Publishing/Writing: Insights, News, Intrigue


Are Publishers Predators?

I always thought publishers…and I mean the old-school publishers…were scholarly, sophisticated, intelligent people who made their living by discovering, mentoring and helping new talent get into print as well as managing known authors.

But, I am finding I was wrong!

When I started researching the publishing industry, not too awfully long ago, I began to understand the meaning of the phrase “putting the cart before the horse” and also the newer “the tail wagging the dog”.

The crumbling publishing business model (always critically flawed!) took egregious advantage of the very talent off whom they made their money! I see the new technology empowering writers as almost a second coming!

That’s why I read with interest Lenox Parker’s blog post from his Eat My Book Blog titled The Legacy of Publishing’s Ownership of Work:

NOTE: Some strong language is used…

There are a couple of things here that you may think are unrelated but I’ll try to bridge the gap and make a coherent argument in support of my thesis. I contend that the history and very institution of publishing has lent itself to a culture of a lack of ownership by authors and artists, resulting in today’s hysterical clamoring on privacy issues.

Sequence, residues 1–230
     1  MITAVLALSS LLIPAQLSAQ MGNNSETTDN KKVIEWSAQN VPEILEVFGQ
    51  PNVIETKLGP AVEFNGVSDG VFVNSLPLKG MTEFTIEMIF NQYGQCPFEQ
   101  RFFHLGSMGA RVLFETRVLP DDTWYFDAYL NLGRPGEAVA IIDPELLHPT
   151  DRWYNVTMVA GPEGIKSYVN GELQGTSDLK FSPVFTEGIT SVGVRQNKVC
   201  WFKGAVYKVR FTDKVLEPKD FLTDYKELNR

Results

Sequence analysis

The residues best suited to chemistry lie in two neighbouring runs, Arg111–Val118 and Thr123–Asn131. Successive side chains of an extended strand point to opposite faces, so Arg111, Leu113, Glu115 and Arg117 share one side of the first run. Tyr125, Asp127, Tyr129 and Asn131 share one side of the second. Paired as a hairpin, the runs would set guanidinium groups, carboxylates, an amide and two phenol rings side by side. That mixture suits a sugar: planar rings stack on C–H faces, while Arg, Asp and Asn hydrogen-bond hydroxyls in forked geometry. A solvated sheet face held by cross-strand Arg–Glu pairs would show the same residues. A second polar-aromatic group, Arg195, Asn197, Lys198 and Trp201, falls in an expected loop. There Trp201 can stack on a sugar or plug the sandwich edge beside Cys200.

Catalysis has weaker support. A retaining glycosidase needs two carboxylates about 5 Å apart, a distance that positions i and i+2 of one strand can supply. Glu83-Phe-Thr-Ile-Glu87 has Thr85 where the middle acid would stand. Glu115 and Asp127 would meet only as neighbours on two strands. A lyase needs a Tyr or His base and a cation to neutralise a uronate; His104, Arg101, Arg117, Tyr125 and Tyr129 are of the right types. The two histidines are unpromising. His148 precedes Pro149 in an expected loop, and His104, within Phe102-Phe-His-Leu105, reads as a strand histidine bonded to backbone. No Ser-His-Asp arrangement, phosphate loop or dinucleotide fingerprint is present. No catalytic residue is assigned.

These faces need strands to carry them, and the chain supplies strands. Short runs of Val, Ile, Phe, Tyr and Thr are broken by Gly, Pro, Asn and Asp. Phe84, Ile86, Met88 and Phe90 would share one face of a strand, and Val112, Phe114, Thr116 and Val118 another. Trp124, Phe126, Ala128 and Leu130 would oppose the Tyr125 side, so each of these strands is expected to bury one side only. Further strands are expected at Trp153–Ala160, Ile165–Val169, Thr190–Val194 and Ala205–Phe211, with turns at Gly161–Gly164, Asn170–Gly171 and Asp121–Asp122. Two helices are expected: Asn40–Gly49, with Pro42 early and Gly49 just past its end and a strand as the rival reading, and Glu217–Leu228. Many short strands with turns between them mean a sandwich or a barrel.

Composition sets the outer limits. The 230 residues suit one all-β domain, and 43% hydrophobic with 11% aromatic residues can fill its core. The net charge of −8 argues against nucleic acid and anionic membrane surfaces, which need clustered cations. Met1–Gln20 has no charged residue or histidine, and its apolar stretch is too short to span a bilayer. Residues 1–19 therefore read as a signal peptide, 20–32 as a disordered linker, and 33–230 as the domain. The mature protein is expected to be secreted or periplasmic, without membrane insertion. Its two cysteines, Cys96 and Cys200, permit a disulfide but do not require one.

You all have a better sense of the publishing industry since Gutenberg than I do, so there’s no need to retread. So just think about how difficult it is to turn that Titanic of a beast around in just a few short years. I’m no industry apologist–I think that’s been made clear–and I’m not saying that we should give it some time. I’m asking that we reconsider how we are framing the debate around the breakdown of the traditional publishing industry; the rise of the independent author; the risks and opportunities of technology to serve readers, established authors, and independent writers; and the implications of copyright, privacy, and ownership on all of the above. Here are some of the areas through which we have to change our perspective in order to offer thriving solutions:

Read the rest of the post here:


Leave a Comment »

No comments yet.

RSS feed for comments on this post. TrackBack URI

Leave a Reply

Fill in your details below or click an icon to log in: Logo

You are commenting using your account. Log Out /  Change )

Google photo

You are commenting using your Google account. Log Out /  Change )

Twitter picture

You are commenting using your Twitter account. Log Out /  Change )

Facebook photo

You are commenting using your Facebook account. Log Out /  Change )

Connecting to %s

Blog at

%d bloggers like this: